Business email compromise (BEC) has continued to grow into a billion-dollar industry as cybercriminals turn to it as their preferred scam. But with the West African gang we’ve named Scattered Canary, we have deeper insight into how BEC is connected to the rest of cybercrime, and why it has grown in recent years.

Download the threat dossier to learn:

  • How Scattered Canary grew from a one-man startup into a BEC enterprise
  • How the group has diversified its revenue streams with romance scams, tax fraud, and more
  • Which scams have been most successful, and how we can fight against them
  • Why we should look at cybercrime from a holistic approach based on threat actor identity rather than type of activity

Want to learn more? Check out the webinar on Scattered Canary.

First Contact
Scattered Canary Comes Calling

We first identified Scattered Canary when, in a rather bold move, the group impersonated a senior executive at Agari in an email targeting our Chief Financial Officer.

This isn’t the first time our CFO has been targeted by a nefarious executive impersonator. The criminal gang London Blue appeared on our radar in exactly the same way. So why have two unrelated cybergangs made what seems like a high-risk decision to attack a firm focused on stopping advanced email threats?

The answer is multifaceted. In many cases, they have not deemed it necessary to their tactics, techniques, and procedures (TTPs) to be aware of the industries of their targets. In order to carry out the high volume of attacks that these larger gangs perpetrate, they strip the process back to its most basic components, as any smart business would. The “essentials” comprise of the name and email address of a CFO (or comparable financial executive) and the name and email address of the CEO for the same organization. Once they have secured this information, their reconnaissance need not go any further, as these details are fed into their existing infrastructure, and any replies will be subject to non-industry specific social engineering.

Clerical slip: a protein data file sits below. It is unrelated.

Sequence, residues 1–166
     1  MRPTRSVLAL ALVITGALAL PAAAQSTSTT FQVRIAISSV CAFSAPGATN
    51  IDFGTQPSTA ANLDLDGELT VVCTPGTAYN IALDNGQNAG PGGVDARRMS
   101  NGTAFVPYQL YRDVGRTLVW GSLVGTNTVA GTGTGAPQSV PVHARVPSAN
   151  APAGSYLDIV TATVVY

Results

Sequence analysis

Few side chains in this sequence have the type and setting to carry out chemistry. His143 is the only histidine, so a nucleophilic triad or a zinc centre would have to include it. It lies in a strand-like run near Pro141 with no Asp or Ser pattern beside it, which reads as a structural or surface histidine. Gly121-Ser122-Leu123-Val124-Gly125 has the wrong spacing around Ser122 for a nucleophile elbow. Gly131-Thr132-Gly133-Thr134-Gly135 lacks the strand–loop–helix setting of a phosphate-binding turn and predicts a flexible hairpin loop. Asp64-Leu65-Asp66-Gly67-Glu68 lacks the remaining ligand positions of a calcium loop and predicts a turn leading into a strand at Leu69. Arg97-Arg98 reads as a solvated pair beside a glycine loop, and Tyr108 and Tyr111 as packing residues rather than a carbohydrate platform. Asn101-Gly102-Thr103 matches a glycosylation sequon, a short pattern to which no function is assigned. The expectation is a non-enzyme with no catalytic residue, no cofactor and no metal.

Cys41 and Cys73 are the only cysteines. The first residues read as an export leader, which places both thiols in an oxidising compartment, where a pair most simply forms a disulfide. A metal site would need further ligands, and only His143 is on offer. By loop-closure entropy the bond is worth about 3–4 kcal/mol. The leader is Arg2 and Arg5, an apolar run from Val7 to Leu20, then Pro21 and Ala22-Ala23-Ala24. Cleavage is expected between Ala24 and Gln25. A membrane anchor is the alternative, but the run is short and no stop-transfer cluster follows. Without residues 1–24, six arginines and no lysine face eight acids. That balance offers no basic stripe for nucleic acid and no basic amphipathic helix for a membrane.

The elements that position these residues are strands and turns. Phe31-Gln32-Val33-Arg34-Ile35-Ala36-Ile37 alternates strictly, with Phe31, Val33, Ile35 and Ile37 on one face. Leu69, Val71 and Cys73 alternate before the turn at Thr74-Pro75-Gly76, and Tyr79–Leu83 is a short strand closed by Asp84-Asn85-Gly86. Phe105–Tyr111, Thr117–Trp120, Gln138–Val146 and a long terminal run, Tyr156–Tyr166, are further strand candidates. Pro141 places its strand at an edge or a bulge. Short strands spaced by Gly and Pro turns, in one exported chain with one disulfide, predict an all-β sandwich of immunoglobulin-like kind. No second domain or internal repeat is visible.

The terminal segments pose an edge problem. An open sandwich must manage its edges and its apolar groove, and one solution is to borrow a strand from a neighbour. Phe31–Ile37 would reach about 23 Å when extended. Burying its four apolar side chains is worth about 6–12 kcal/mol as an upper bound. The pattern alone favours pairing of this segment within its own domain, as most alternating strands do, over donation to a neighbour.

Another reason cybercriminals are lax about their targets is likely due to their geographic location. Many feel that they have a home team advantage living in Nigeria, where they are free to pay off law enforcement to look the other way. Despite the introduction of the Nigerian Cybercrime Act 2015, which carries a fine of up to 10 million naira for unlawfully accessing a computer system or perpetuating fraud by using electronic messages, cybercrime in the country has continued to expand. Criminals can often secure millions in profit through BEC and other tactics, and are both willing and able to give local law enforcement enough to keep them quiet. By doing so, they ensure that their operations can continue while they are protected from persecution.

An Attack on Agari

On November 29, 2018, Scattered Canary sent an attack email to Agari CFO Raymond Lim, enquiring as to his availability to send out a domestic wire transfer. This display name deception attempt was quarantined by Agari Phishing Defense™, and we then actively engaged with the attacker in an attempt to establish his true intentions. What followed was a series of engagements that resulted in our team gaining deep insight into this group— including its scattershot origins, how its actors fit together, and how it achieved its remarkable growth trajectory.